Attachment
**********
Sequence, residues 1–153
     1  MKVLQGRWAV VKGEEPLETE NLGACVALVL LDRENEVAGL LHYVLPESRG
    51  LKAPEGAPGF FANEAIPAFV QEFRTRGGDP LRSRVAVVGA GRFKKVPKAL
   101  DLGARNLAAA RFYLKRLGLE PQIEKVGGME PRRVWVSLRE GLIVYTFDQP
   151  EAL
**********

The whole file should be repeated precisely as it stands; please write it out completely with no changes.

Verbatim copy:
Sequence, residues 1–153
     1  MKVLQGRWAV VKGEEPLETE NLGACVALVL LDRENEVAGL LHYVLPESRG
    51  LKAPEGAPGF FANEAIPAFV QEFRTRGGDP LRSRVAVVGA GRFKKVPKAL
   101  DLGARNLAAA RFYLKRLGLE PQIEKVGGME PRRVWVSLRE GLIVYTFDQP
   151  EAL